Pleading for Java

This post is based on an article I wrote almost 10 years ago in the GInfo Computer Science Magazine. I am surprised things did not change much since then. So, here I go again…
In Romanian high schools the programming languages used or teaching Computer Science are Pascal and C++. In college, the students learn other programming languages they might need in order to become software engineers. Unfortunately, this is true only from a theoretical perspective. Most Romanian software engineers claim they had to learn by themselves…
Imagine a junior high school student who’s dream is to become a software engineer. He starts by learning how to implement more and more complicated algorithms (using the above mentioned languages) and then also learns something about databases.
When she graduates from high school, she realizes show know nothing useful. She knows how tosolve many problems, but she has no idea how to create a simple application with a friendly user interface. She decides to go to college so that she can learn more…
Therefore, the student must go to college because she does not learn enough in high school. In my opinion, a high school graduate should be able to a software engineer without a college diploma. She should not be one of the best, but she should be able to join the crowd. Why? Because it is possible. There are many college students that work as programmers while still studying and there are also enough experienced programmers that do not have a University degree. Of course, they learn by themselves, but they learn. Therefore, it is possible!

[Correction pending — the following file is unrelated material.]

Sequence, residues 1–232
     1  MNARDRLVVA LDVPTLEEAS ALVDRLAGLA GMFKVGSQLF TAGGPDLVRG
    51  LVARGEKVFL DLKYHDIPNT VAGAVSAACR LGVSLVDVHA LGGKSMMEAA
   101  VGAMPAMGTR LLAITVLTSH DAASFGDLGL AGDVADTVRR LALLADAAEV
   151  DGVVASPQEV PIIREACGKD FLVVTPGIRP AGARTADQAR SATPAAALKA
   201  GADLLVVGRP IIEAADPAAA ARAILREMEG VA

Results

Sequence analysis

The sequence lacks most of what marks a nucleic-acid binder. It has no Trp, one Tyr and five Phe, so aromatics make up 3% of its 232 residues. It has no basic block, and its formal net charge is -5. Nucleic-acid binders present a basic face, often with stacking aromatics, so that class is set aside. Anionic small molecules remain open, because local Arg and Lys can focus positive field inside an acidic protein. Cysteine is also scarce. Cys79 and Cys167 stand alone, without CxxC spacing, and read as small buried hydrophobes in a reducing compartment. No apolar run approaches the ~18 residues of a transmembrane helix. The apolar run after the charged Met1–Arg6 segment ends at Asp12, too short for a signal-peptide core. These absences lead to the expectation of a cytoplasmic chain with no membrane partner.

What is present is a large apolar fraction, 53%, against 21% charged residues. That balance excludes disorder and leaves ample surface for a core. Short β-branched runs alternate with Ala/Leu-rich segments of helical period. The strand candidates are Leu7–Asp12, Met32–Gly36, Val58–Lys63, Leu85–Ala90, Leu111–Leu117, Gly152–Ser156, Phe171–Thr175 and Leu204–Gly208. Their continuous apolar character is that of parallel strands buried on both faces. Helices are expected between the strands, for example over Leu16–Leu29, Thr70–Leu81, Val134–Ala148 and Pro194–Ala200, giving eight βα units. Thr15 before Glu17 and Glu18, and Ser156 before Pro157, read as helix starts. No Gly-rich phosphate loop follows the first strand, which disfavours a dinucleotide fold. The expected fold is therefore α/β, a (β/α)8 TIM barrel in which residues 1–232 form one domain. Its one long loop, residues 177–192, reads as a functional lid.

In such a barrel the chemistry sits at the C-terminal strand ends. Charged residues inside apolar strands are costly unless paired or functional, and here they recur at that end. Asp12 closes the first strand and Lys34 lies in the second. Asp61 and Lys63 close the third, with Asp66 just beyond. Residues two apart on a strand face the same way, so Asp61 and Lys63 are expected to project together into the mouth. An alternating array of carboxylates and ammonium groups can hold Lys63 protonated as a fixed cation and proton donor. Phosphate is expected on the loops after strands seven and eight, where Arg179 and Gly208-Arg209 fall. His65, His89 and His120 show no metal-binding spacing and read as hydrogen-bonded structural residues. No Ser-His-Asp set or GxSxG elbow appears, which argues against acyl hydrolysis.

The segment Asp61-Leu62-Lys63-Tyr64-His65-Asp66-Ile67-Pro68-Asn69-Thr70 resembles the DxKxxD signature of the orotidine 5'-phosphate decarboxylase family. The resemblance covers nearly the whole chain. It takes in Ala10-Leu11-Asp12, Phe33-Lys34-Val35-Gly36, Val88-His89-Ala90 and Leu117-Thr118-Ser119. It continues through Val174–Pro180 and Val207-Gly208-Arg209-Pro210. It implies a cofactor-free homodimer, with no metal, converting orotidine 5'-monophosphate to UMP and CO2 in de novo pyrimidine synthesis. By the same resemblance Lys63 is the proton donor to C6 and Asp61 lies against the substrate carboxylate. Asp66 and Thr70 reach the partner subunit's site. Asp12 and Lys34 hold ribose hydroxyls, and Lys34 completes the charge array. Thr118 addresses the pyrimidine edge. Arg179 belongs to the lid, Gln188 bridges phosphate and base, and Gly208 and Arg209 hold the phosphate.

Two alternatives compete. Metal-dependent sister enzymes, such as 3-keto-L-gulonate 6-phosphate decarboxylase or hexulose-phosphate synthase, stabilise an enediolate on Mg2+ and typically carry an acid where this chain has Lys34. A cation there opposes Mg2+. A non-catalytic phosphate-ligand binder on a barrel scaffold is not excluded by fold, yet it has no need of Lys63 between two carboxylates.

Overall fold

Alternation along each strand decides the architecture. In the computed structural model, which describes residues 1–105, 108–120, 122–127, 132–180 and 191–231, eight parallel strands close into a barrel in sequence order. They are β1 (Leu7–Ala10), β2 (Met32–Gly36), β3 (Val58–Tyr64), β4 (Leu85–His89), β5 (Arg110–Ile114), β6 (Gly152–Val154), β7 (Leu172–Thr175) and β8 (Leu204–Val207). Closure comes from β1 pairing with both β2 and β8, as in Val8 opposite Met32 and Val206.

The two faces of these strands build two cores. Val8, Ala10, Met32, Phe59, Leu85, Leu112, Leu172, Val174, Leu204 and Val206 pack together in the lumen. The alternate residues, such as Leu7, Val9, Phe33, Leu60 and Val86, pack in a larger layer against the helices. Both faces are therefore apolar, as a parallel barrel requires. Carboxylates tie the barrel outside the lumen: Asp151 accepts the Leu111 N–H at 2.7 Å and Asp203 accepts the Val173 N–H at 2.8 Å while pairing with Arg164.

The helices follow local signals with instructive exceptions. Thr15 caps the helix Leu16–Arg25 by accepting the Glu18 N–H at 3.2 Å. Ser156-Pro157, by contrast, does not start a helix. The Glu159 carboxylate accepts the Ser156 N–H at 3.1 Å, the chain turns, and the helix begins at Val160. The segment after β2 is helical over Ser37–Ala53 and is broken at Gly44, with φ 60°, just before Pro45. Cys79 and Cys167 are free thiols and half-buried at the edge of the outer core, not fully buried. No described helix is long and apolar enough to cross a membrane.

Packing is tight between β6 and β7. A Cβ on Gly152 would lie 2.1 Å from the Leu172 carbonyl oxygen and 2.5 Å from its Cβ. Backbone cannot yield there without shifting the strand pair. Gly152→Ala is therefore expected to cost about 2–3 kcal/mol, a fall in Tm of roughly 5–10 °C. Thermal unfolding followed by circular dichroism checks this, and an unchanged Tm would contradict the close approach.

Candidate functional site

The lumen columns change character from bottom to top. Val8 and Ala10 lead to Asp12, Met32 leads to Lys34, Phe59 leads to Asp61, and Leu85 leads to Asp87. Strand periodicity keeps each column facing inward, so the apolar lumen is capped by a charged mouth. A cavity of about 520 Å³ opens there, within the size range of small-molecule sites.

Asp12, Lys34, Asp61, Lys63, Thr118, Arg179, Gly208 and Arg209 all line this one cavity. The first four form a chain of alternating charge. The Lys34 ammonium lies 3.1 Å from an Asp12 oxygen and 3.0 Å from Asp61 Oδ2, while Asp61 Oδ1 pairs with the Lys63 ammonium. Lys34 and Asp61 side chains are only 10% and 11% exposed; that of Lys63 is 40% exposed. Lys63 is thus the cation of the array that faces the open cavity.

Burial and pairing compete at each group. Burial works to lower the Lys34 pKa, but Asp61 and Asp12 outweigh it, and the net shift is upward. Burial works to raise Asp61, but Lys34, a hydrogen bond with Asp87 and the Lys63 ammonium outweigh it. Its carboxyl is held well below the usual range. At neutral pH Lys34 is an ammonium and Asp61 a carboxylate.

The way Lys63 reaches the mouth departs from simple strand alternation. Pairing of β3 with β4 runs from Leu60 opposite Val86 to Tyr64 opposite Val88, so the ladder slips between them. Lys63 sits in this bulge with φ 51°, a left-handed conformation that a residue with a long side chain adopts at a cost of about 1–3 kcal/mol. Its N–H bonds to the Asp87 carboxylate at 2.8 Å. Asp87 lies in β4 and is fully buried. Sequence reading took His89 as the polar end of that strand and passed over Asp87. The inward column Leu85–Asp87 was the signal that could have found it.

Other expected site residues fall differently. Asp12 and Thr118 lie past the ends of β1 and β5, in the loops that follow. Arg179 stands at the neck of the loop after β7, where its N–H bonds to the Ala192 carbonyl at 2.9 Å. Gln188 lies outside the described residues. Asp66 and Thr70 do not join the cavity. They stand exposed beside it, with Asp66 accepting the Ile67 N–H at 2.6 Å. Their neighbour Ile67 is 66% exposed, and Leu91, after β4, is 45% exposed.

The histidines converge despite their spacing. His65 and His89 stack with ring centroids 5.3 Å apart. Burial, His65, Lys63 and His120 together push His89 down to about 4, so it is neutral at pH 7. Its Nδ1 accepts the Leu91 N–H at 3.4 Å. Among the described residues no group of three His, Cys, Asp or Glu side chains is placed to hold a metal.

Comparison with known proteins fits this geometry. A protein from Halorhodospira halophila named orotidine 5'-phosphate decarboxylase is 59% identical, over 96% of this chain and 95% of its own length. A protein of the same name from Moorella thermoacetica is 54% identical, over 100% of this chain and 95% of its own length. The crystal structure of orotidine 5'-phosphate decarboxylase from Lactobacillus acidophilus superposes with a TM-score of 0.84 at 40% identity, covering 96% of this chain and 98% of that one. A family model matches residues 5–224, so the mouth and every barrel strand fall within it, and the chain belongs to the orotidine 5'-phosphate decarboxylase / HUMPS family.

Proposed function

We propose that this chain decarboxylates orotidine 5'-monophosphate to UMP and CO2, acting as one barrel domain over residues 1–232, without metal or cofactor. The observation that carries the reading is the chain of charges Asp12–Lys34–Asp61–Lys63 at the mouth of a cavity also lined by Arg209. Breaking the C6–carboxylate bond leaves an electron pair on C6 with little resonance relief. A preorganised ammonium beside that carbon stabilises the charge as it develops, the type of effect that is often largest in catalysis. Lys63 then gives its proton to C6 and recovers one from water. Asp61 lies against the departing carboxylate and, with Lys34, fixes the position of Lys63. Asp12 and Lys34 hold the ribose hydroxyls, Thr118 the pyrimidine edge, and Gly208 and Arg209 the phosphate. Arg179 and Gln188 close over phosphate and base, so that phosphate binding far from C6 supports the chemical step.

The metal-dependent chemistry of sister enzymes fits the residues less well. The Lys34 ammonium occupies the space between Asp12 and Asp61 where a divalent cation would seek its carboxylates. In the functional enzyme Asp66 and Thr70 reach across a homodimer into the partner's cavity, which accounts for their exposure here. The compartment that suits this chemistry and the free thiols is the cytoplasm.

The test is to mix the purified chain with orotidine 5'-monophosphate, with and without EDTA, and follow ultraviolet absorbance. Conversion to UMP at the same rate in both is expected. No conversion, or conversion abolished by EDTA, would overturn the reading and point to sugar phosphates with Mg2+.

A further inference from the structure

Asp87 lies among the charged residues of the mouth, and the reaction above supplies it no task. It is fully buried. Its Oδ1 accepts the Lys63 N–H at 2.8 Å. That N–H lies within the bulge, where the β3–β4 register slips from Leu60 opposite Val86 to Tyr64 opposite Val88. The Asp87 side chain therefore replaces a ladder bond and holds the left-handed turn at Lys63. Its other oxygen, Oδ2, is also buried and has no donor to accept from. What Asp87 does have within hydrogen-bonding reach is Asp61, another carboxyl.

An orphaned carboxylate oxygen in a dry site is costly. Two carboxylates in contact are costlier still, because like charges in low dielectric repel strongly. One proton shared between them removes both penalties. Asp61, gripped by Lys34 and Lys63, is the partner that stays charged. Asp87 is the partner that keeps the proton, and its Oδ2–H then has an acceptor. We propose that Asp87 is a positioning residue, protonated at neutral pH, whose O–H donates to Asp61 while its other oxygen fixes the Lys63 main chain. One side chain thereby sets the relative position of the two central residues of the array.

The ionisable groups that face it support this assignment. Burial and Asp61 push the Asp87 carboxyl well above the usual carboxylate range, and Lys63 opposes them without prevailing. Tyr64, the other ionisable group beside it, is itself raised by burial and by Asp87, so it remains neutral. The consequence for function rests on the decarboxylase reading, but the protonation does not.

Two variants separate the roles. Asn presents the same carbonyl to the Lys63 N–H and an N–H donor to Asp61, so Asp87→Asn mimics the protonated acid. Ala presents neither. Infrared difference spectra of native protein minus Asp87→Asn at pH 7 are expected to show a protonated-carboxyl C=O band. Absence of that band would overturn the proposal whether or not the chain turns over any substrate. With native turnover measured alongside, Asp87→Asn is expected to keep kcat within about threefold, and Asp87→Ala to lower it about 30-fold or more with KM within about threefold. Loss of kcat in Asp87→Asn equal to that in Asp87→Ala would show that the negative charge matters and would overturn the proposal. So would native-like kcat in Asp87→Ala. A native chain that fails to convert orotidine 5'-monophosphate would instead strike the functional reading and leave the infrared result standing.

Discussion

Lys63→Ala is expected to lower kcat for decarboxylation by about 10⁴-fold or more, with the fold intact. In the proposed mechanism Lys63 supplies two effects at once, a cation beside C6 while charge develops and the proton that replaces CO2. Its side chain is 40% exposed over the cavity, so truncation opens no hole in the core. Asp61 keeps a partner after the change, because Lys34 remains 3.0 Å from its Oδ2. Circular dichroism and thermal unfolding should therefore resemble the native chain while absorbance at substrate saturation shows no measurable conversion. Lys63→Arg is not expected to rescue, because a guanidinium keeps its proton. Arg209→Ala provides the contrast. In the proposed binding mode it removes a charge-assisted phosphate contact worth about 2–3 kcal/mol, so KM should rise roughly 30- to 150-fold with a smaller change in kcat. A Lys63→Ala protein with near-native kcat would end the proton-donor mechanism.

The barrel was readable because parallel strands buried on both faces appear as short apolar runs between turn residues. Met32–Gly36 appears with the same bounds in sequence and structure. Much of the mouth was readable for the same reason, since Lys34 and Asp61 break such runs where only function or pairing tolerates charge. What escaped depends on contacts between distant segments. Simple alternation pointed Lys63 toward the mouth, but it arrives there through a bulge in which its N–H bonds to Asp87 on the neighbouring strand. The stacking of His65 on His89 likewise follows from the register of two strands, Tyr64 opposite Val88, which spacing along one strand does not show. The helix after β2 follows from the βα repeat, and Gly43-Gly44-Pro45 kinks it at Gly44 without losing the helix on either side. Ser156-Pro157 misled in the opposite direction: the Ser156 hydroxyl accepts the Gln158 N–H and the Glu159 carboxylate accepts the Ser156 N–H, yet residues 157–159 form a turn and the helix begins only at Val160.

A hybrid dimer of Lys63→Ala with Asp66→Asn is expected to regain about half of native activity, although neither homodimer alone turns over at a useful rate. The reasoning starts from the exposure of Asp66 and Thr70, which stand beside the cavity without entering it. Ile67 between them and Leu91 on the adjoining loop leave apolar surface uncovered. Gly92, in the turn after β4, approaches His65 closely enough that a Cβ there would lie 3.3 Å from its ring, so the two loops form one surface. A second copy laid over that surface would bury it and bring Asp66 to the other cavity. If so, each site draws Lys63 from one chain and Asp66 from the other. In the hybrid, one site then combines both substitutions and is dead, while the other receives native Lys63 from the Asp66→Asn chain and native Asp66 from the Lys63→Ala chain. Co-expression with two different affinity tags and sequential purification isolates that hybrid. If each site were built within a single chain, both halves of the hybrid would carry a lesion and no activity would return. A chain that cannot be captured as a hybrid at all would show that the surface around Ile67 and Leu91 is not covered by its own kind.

About 20 years ago, high school students started by learning QBasic. Someone decided this cannot go on and, at some point, the first programming language was Pascal. A few years later the C language was introduced as an alternative to Pascal.
Things changed, so change is possible. Was it hard? Yes! Why? Because it will be harder for the kids to learn Pascal then it was to learn Basic. This was the official answer. Unfortunately the real answer was something like: it will be harder for the teachers to teach Pascal then it was to teach Basic. But, this was changed. The Basic language was forgotten; Pascal and C were introduced. Then, someone came with the idea to start with C. To war between Basic and Pascal was replaced by a war between Pascal and C. Why? Because it will be harder for the kids to learn C then it was to learn Pascal.
I remember that a computer science teacher said that a math teacher graduates from college and is able to teach math for the next 50 years without having tolearn anything new. The two teachers have the same salary. Therefore, why should the computer science teacher have to learn new things. Because she teaches computer science, not math (I would say)!